One of the definitions of antithesis (in literary terms) is some passage in which opposite, or nearly opposite, ideas are both presented as truth.
So, in antithesis, the author gives us two ideas and says they are both true even though we know they can't really be.
So where in the poem does this happen? I'd say the whole second stanza shows antithesis. Let's look at it:
Then took the other, as just as fair,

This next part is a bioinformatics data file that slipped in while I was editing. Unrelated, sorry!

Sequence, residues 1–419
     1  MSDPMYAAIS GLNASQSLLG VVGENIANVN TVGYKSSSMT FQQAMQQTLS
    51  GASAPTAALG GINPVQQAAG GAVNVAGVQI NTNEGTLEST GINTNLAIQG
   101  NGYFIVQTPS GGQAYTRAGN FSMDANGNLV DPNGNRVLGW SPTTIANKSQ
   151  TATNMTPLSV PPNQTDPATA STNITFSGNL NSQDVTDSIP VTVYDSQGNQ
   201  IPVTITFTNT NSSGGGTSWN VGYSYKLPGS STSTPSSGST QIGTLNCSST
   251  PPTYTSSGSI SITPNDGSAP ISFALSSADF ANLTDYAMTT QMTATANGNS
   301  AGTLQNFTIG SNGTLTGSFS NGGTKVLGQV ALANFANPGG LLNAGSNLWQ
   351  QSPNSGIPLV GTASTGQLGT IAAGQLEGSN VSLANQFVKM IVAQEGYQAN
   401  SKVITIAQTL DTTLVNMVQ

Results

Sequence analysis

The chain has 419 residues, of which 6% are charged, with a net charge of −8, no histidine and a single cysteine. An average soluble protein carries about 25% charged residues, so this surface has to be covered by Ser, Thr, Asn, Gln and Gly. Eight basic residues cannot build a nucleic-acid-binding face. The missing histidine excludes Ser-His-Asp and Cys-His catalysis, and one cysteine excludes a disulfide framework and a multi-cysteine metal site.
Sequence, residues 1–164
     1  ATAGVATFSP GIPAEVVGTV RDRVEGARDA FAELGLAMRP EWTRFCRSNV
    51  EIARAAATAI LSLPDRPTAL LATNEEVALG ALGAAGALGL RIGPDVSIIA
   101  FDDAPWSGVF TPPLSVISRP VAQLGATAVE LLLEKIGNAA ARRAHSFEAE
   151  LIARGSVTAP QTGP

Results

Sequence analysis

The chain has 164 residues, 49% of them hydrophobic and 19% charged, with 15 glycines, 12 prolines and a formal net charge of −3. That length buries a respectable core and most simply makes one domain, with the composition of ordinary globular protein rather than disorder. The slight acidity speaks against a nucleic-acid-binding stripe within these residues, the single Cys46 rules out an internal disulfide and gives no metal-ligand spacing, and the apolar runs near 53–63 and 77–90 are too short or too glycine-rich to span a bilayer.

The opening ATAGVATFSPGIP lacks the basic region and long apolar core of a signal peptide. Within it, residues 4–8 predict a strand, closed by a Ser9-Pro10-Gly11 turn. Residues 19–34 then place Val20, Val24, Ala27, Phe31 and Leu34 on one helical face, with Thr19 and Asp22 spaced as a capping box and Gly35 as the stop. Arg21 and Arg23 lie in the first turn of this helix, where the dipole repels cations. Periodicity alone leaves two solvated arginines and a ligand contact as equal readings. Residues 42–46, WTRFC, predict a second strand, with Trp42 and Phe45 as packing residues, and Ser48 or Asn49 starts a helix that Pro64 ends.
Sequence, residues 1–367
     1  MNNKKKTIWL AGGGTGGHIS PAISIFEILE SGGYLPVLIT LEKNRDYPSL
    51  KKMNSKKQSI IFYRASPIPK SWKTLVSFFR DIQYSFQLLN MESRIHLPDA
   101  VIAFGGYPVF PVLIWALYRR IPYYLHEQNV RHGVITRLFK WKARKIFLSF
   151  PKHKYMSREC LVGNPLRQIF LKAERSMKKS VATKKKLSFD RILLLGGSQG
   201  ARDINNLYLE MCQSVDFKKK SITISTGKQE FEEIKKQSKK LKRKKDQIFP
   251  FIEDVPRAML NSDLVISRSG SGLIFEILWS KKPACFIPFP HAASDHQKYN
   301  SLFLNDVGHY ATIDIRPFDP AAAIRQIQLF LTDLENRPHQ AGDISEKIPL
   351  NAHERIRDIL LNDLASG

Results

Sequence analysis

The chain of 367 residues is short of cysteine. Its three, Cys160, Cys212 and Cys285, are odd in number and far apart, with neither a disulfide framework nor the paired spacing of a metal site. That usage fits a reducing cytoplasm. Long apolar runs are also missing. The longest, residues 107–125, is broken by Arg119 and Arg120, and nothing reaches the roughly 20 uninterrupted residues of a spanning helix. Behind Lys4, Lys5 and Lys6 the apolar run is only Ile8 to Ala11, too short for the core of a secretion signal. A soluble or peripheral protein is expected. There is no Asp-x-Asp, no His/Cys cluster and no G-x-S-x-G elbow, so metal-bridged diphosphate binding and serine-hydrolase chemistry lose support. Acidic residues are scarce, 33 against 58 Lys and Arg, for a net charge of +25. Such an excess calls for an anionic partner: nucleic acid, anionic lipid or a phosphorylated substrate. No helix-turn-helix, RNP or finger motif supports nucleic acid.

And having perhaps the better claim
Because it was grassy and wanted wear,
Though as for that the passing there
Had worn them really about the same
Here, Frost is saying first that one path was better because it was less worn. Then he says that the people passing had worn them both equally. This fits the definition of antithesis.